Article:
North Korea opens up its mountain
by Asia Times Online
SEOUL - North Korea said this week it will allow a South Korean business group to start sightseeing tours of a scenic mountain on its border with China next year, as agreed at a recent inter-Korean summit of leaders.
Pyongyang's contract with the Hyundai Group will enable South Koreans to visit the 2,744-meter-high Mt Paektu by direct flight. Currently, South Koreans can only visit the Chinese side of the mountain.
"Both sides agreed to start the tour of noted places on Mt Paektu from May of 2008," the (North) Korean Central News Agency (KCNA)said of the contract signed between Hyundai Group
chairwoman Hyun Jeong-eun and Choe Sung-chol, vice chairman of the Asia-Pacific Peace Committee, a North Korean state organization handling inter-Korean affairs.
Hyun, back from a five-day trip to North Korea, met reporters in Seoul and confirmed the contract. "Under the agreement, Hyundai Group will have exclusive rights to operate the tourism business to Mt Paektu for 50 years," Hyun said, disclosing that she also met with the North's top leader, Kim Jong-il, during her stay in the communist country.
The sightseeing tour of the tallest mountain on the Korean Peninsula expands Hyundai's business with North Korea, which currently includes a cross-border tour of Mt Kumgang on the North's east coast. More than 1 million South Koreans have visited the mountain since the tours started in 1998.
Most Koreans regard Mt Paektu as a holy area where their mythical leader, Tangun, descended from heaven and established a kingdom. North Korea claims that its current leader, Kim Jong-il, was also born there 65 years ago, an event heralded by the appearance of a double rainbow over the mountain and a new star in the heavens. (However, former Soviet Union records show he was born in Siberia, in 1941, where his father, Kim Il-sung, commanded the 1st Battalion of the Soviet 88th Brigade, made up of Chinese and Korean exiles.)
North Korea also claims that the mountain was a base for the independence movement against Japan's colonial rule of Korea led by the communist nation's founder, Kim Il-sung, in the early part of the 20th century.
Hyundai has been at the vanguard of business with North Korea since its founder, Chung Ju-yung, crossed the heavily armed demilitarized zone with truckloads of cattle in 1997. Hyundai's business in North Korea also includes the Kaesong industrial complex, where about two dozen garment and other labor-intensive South Korean firms operate with the labor of more than 15,000 North Korean workers. The project started as a result of the first-ever inter-Korean summit in 2000.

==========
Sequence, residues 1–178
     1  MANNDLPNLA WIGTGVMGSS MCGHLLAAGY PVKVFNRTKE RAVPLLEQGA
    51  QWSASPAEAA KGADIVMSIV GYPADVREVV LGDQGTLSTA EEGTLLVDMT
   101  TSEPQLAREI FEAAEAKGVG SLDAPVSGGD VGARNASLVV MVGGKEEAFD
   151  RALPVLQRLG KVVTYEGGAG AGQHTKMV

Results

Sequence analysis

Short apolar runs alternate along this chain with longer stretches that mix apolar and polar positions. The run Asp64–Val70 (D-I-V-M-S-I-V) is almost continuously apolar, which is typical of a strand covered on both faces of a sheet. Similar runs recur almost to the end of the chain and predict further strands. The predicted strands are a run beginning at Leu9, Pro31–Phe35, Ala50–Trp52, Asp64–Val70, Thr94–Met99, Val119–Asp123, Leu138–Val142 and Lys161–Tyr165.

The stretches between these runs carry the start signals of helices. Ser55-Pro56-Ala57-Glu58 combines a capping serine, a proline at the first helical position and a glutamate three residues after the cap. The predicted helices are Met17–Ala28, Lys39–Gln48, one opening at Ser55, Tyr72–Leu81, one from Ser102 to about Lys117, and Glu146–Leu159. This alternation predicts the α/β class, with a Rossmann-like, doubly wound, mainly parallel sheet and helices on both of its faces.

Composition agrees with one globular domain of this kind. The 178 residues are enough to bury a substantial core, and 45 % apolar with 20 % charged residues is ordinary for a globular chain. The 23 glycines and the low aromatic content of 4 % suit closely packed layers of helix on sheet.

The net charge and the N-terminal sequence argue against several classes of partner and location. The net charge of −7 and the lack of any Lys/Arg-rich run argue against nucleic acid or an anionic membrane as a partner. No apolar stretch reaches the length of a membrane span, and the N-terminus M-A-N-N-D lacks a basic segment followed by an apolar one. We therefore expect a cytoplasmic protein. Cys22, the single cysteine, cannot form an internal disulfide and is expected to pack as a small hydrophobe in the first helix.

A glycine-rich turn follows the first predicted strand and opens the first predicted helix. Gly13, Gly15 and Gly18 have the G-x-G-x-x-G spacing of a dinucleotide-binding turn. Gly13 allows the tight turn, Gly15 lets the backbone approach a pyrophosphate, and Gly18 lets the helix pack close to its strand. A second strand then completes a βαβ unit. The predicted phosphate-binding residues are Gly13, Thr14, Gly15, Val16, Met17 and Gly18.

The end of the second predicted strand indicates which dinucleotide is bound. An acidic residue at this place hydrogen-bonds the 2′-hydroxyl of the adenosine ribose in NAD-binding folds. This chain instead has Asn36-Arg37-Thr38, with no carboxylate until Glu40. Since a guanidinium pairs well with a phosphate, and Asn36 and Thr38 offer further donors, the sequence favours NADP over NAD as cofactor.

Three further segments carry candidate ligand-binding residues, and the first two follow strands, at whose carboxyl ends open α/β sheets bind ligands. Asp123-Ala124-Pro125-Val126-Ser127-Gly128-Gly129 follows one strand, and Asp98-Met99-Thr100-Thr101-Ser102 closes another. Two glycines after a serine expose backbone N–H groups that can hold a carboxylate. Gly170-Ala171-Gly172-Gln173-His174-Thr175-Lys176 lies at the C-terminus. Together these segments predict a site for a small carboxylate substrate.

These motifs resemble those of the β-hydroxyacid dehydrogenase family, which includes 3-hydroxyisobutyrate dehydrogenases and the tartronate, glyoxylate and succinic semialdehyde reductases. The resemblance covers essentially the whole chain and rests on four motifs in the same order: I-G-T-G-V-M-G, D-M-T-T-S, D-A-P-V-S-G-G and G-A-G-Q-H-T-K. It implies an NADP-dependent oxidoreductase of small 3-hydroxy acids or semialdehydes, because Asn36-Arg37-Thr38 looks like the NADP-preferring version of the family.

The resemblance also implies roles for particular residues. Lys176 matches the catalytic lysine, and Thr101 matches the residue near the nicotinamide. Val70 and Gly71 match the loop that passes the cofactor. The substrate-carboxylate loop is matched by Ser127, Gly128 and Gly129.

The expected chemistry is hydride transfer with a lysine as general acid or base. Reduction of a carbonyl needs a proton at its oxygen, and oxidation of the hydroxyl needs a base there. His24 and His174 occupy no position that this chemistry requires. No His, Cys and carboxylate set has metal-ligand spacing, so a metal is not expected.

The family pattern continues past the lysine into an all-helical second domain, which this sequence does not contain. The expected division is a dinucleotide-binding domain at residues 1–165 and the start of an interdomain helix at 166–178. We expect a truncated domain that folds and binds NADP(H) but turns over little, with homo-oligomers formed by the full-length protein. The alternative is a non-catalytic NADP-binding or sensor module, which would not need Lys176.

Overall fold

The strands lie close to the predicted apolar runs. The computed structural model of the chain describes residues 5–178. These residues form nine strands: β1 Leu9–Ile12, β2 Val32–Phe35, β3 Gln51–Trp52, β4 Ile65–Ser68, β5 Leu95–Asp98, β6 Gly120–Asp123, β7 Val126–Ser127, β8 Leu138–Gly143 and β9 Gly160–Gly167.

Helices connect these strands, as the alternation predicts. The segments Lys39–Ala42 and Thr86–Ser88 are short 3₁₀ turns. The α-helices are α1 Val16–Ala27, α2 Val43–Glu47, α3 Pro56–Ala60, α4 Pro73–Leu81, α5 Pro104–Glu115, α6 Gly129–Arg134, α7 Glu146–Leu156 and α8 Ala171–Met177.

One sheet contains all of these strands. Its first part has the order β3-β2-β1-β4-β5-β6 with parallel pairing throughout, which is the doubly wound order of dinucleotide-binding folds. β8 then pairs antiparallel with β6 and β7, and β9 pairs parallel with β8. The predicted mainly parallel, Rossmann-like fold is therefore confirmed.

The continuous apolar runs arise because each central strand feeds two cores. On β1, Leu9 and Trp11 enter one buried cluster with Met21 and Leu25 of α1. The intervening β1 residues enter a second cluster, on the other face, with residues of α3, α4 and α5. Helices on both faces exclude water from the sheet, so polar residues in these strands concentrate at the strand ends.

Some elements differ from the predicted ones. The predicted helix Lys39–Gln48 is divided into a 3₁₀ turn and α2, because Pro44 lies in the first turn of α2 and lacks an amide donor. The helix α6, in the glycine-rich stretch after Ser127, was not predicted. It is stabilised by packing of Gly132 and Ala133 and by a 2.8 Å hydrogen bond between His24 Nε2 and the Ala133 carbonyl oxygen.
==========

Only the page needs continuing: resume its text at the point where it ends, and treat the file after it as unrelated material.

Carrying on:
Establishing tourism to Mt Paektu was a lifelong dream of Chung Ju-yung, who died in 2001. Chung handed over the group's North Korean business arm to his fifth son, Mong-hun, who committed suicide in 2003 amid suspicions that the group was involved in the government's secret transmittance of huge sums of money to Pyongyang in return for the 2000 summit.
His wife, Hyun, immediately took charge of the business.
"My trip to the North was very productive," Hyun said. "Details of the Mt Paektu business will be discussed at the working level."
Speaking about her meeting with the North Korean leader, she said "I met him for the first time in two years. He asked about my daughter and we talked a lot about personal things." Hyun said she is happy to realize her father-in-law's dream.
In addition, the North's Asia-Pacific Peace Committee decided to grant Hyundai Group the right to conduct tours of the Kaesong area. "Both sides agreed to start the tour of historic sites and scenic places in the Kaesong area from early December 2007," the KCNA reported.
Meanwhile, the South Korean government, together with the Hyundai Group, plans to survey Mt Paektu this month to prepare for the start of tours next year, industry sources said. "The preliminary survey by government officials and Hyundai will thoroughly check Mt. Paektu," said an official from Hyundai.
The quest for peace
North Korea has yet to express its official stance on a proposed declaration of the end of the Korean War, but a pro-Pyongyang newspaper that reflects the North's views called the declaration an essential and inevitable part of the denuclearization of the Korean Peninsula.
The newspaper, Choson Sinbo, published in Japan, said the situation on the Korean Peninsula will be greatly improved when the heads of state from North Korea and the US declare the end of the 1950-53 conflict, which ended in a fragile armistice that left the peninsula technically in a state of war.
"It is an inevitable process for the US and North Korea to focus on the declaration of the Korean War when the September 19 joint statement reached at the six-nation talks will have to enter the full-fledged implementation stage," said the Choson Sinbo.
In an article datelined from Pyongyang, the paper said that if the leaders of the US and North Korea meet on the Korean Peninsula and declare the end of the war, they will break the chains of the Cold War in Northeast Asia.